Information about Audre Lorde:
Audre Geraldine Lorde (February 18, 1934 in Harlem, New York City - November 17, 1992) was a writer and an activist. Lorde was born in New York City to parents of West Indian heritage; Frederick Byron Lorde and Linda Gertrude Belmar Lorde. Lorde was nearsighted and legally blind. The youngest of five children, she grew up in Harlem during the Depression, hearing her mother's stories about the West Indies. She learned to talk while she learned to read, at the age of four. Her mother taught her to write during this time. She wrote her first poem when she was in the eighth grade. After graduating from high school, she attended Hunter College from 1954 to 1959, graduating with a bachelors degree. While studying library science, Lorde supported herself working various odd jobs: factory worker, ghost writer, social worker, X-ray technician, medical clerk, and arts and crafts supervisor. In 1954, she spent a pivotal year as a student at the National University of Mexico, a period described by Lorde as a time of affirmation and renewal because she confirmed her identity on personal and artistic levels as a lesbian and poet. On her return to New York, Lorde went to college, worked as a librarian, continued writing, and became an active participant in the gay culture of Greenwich Village. Lorde furthered her education at Columbia University, earning a masterís degree in library science in 1961. During this time she also worked as a librarian at Mount Vernon Public Library and married attorney Edward Ashley Rollins; they later divorced in 1975 after having two children, Elizabeth and Jonathan. In 1966, Lorde became head librarian at Town School Library in New York City where she remained until 1968. She died of cancer on November 17, 1992 in St. Croix after a 14 year struggle. In her own words, she was a "black lesbian, mother, warrior, poet". Before she died, Lorde in an African naming ceremony took the name Gamba Adisa, meaning Warrior: She Who Makes Her Meaning Known. Lordeís poetry was published regularly during the 1960s: in Langston Hughes's 1962 New Negro Poets, USA, in several foreign anthologies, and in black literary magazines. During this time she was politically active in the civil rights, antiwar, and feminist movements. Her first volume of poetry, The First Cities (1968), was published by the Poet's Press and edited by Diane di Prima, a former classmate and friend from Hunter College High School. Dudley Randall, a poet and critic, asserted in his review of the book that "[Lorde] does not wave a black flag, but her blackness is there, implicit, in the bone." Lorde's second volume, Cables to Rage (1970), which was mainly written during her tenure at Tougaloo College in Mississippi, addresses themes of love, betrayal, childbirth, and the complexities of raising children. It is particularly noteworthy for the poem "Martha" in which Lorde poetically confirms her homosexuality: "we shall love each other here if ever at all." Later books continued her political aims in gay rights, and feminism.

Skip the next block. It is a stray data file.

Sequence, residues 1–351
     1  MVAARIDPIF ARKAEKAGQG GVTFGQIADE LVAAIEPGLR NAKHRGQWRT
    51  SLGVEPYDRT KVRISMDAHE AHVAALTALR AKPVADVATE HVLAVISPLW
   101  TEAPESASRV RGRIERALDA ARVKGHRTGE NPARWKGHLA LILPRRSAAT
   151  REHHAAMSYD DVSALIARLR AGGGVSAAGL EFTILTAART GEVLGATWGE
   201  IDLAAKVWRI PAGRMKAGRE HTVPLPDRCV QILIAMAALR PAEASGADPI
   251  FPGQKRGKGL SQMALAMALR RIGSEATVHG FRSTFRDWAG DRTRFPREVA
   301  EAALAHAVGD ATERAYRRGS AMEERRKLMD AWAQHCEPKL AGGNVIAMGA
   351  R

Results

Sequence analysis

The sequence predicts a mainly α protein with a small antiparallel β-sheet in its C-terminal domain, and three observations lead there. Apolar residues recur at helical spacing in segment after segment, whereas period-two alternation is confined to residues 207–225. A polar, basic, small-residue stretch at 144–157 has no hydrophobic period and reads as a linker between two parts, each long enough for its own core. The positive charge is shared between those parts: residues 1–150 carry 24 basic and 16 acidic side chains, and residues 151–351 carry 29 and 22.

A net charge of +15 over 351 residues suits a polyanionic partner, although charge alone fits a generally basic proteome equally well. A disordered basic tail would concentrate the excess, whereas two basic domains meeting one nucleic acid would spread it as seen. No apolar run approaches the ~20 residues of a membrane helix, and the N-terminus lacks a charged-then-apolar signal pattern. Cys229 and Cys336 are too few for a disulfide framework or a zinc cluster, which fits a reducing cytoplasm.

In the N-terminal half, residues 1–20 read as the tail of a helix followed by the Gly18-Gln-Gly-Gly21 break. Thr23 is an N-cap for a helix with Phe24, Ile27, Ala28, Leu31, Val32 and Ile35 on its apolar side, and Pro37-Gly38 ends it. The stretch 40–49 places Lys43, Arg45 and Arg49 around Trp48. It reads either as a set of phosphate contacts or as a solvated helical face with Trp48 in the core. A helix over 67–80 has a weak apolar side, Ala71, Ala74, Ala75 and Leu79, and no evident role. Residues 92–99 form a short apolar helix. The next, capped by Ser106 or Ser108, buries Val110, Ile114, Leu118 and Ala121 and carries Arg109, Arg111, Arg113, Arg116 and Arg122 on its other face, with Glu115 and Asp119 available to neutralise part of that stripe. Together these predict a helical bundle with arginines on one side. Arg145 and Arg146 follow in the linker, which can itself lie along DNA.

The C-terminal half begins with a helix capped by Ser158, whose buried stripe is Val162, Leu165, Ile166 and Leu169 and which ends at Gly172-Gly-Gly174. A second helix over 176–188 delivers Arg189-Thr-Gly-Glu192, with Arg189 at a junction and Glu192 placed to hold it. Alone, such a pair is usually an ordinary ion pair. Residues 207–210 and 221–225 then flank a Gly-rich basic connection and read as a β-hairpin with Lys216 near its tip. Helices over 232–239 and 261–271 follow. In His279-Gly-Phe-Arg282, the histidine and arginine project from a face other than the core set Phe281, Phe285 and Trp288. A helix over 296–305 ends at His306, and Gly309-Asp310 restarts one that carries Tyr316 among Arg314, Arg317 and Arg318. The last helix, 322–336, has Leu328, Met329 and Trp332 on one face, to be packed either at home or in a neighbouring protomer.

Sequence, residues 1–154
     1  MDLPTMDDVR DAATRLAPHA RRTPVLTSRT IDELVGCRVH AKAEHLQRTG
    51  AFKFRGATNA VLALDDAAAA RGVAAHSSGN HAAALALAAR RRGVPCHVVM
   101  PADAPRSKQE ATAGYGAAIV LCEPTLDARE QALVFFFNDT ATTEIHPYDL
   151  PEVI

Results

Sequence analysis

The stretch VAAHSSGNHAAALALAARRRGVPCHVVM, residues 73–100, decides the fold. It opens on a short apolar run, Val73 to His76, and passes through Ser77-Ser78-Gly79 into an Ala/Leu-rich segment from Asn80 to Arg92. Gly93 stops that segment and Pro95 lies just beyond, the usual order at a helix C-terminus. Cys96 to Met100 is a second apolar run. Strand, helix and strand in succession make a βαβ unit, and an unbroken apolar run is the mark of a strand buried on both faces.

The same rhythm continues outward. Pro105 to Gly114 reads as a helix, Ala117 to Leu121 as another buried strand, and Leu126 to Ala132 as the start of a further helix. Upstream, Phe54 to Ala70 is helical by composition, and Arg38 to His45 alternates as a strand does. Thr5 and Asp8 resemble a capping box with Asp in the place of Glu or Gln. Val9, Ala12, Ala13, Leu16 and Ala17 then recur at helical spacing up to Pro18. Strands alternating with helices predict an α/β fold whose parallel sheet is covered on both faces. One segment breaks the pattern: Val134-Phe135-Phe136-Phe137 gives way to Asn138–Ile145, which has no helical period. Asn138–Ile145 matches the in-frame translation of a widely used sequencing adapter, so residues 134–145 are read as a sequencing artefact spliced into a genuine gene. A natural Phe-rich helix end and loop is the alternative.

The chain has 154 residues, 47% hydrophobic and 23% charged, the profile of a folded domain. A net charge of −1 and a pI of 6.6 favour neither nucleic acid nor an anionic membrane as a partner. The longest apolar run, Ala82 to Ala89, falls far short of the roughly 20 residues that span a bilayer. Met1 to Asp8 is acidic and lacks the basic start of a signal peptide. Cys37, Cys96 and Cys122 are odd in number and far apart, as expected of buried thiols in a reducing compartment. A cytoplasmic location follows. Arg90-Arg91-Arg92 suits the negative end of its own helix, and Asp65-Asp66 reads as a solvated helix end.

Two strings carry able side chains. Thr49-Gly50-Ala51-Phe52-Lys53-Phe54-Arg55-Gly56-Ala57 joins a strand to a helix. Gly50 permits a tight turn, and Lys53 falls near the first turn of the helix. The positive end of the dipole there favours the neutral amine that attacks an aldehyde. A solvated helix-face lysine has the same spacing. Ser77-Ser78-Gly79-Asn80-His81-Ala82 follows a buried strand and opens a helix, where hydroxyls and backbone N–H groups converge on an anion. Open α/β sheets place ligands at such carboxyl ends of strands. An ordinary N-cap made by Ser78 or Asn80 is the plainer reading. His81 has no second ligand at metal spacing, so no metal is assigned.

Questions about the poem:
1. Explain the metaphoric/symbolic significance of the relation between the author, coal, and "the earth's inside" (Paragraph form).
2. Explain why the author might use the imagery of coal and diamonds together (Paragraph form).
3. What is the general mood of this poem? Explain how it is created (Paragraph form).
4. Examine in detail what you think the author means when speaking about words like "diamonds," words being coloured, words singing, words like adders, words exploding, words like young sparrows (Paragraph form).